The scene of Shakespeare's famous tragedy
On the coast of Famagusta, a beautifully restored fortress, called the Othello Citadel, rises above the harbor. The castle was built between 1285 and 1324 in the Lusitanian period to protect the adjacent port. In 1492, the Venetians were rebuilt into the current form of an artillery fortress.
The name Othell's Castle is derived from a mention in Shakespaer's tragedy written in 1603, where he speaks of the port of Cyprus and its governor, Christopher Moore. He strangled his beloved Desdem in the game right inside the castle. Moore was the governor of Cyprus from 1505 to 1508. The castle was named after the British by Othello during their colonial rule over the island.
In the middle of the fortress is a large rectangular courtyard, from which one enters a large hall, refectory and living space.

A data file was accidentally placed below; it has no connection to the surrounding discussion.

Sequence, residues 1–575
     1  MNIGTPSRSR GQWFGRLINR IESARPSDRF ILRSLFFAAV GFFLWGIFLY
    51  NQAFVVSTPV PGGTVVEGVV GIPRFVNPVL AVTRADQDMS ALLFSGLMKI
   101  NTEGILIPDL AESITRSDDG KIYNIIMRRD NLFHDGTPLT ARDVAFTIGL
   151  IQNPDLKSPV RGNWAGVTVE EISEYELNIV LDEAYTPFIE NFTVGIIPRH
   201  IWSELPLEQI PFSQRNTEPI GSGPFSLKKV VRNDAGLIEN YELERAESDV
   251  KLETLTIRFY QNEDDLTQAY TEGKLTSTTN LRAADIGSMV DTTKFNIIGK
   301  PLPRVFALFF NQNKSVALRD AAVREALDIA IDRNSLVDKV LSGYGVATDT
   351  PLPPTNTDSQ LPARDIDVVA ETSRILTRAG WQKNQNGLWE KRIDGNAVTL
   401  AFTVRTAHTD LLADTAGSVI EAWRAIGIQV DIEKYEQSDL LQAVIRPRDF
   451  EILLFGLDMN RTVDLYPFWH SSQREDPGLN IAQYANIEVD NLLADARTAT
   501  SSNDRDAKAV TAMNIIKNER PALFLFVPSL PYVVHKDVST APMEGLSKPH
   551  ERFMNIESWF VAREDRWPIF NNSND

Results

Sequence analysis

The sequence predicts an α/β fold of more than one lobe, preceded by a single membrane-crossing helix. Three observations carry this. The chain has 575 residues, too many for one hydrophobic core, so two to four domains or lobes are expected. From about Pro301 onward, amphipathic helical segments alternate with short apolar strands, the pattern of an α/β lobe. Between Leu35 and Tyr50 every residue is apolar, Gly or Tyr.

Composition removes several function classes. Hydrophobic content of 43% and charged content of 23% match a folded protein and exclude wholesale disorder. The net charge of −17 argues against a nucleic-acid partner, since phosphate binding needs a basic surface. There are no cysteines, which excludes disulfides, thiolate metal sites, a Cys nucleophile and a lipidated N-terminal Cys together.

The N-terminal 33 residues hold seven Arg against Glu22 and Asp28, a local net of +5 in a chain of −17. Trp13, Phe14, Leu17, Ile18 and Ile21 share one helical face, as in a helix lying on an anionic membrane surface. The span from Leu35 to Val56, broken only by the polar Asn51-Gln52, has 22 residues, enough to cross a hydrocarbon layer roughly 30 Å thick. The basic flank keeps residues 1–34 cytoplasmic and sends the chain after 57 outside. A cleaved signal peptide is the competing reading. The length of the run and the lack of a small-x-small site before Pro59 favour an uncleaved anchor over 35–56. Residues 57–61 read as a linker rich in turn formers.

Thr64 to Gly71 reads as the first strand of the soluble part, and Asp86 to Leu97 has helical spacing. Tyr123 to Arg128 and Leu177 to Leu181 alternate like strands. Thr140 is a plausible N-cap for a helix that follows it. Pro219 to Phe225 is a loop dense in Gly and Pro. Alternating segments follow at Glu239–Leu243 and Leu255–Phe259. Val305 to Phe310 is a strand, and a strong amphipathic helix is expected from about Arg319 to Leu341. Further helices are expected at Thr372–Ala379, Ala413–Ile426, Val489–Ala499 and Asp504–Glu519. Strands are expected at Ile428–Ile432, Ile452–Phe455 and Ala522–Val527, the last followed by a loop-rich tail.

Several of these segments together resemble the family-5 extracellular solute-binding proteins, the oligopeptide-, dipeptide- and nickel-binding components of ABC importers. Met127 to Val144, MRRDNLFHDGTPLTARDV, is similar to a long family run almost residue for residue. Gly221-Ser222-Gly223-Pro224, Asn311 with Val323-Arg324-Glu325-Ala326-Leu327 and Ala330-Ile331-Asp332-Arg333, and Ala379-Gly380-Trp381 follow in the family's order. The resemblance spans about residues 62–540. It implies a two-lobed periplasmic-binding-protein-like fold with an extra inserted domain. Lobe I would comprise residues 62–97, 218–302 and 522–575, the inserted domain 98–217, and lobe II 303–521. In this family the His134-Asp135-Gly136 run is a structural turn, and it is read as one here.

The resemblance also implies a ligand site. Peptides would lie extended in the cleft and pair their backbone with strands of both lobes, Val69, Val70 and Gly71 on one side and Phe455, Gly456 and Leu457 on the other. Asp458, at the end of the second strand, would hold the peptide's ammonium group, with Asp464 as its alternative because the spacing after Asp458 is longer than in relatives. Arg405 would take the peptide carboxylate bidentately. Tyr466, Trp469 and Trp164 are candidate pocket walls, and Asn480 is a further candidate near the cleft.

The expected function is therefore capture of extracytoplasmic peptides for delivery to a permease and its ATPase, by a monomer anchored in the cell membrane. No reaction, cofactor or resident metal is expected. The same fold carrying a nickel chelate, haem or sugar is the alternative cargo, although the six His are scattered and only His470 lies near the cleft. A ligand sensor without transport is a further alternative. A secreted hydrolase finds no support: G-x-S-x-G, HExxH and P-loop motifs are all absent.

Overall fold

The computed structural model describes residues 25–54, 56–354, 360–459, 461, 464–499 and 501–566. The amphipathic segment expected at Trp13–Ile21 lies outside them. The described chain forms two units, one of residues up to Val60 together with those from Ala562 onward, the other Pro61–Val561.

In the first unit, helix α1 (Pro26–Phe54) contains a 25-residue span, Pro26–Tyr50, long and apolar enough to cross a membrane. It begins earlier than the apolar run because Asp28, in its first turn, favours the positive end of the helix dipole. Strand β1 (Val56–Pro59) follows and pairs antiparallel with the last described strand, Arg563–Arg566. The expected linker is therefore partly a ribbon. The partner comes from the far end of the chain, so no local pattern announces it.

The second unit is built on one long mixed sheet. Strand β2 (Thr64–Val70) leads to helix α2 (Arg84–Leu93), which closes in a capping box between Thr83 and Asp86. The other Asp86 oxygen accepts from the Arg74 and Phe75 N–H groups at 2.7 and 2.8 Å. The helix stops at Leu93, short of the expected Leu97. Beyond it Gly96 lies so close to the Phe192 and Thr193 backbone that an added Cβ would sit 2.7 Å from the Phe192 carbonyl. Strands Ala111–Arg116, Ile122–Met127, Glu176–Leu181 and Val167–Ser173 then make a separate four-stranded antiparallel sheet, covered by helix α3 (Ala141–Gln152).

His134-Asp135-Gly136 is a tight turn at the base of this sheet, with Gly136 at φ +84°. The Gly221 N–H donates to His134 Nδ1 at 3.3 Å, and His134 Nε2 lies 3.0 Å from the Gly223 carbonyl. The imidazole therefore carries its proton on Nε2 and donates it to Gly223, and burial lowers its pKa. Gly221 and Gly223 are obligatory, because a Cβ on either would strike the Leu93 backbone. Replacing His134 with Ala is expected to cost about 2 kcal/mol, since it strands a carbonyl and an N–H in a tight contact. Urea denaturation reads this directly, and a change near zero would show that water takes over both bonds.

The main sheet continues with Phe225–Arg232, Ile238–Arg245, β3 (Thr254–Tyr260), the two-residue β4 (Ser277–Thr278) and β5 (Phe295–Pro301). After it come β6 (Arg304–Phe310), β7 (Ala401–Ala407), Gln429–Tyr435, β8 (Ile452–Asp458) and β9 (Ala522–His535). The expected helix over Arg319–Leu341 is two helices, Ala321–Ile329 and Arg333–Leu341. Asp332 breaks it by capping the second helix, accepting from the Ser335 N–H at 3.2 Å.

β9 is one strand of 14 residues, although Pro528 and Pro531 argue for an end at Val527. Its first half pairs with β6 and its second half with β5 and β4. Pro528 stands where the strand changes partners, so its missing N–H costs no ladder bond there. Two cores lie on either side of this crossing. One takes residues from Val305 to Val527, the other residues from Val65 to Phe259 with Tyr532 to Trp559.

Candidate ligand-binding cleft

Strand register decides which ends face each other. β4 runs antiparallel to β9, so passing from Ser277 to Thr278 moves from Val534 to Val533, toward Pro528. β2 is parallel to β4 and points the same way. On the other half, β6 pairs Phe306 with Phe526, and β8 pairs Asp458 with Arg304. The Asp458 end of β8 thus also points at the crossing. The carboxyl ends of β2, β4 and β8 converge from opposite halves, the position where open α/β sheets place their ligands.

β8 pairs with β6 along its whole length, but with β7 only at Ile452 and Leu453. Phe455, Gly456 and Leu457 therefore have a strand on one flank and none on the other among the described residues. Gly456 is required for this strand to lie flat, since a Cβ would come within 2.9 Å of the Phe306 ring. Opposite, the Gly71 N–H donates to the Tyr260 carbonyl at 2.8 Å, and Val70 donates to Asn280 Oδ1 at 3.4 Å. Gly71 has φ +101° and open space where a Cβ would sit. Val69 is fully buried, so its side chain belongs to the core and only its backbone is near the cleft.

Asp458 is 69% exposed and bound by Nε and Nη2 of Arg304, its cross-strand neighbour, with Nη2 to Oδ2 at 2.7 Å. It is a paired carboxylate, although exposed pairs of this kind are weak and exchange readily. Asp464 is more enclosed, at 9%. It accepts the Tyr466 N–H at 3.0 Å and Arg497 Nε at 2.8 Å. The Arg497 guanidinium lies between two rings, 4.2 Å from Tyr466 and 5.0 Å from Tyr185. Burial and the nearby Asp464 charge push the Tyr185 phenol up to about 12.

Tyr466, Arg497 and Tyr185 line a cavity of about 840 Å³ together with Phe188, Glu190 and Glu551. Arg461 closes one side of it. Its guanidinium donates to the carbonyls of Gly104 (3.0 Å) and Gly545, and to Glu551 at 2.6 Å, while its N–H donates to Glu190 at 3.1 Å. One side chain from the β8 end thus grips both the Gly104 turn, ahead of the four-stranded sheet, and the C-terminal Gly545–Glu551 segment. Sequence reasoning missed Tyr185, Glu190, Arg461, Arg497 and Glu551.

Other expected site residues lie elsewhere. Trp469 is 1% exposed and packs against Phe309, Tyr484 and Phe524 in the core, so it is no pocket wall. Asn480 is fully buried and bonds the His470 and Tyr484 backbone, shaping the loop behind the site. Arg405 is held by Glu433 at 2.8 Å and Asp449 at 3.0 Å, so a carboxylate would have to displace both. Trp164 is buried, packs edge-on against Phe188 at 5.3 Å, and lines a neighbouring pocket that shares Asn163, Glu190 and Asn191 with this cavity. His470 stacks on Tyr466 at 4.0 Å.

Castle moat and towers
The castle was protected by a moat and a wall, which was strengthened by eight round towers. To date, only four have survived.
The marble relief above the entrance gate depicts a Venetian winged lion and the name of Nicolo Foscarini, who rebuilt the castle tower.
Beautifully restored interiors
The castle would be renovated in 2014. The large hall, which houses an exhibition about the castle and its reconstruction, is definitely worth attention.
Inside the castle there are many corridors that lead to individual firing positions.
From the castle walls there is a nice view of the historic city of Famagusta.
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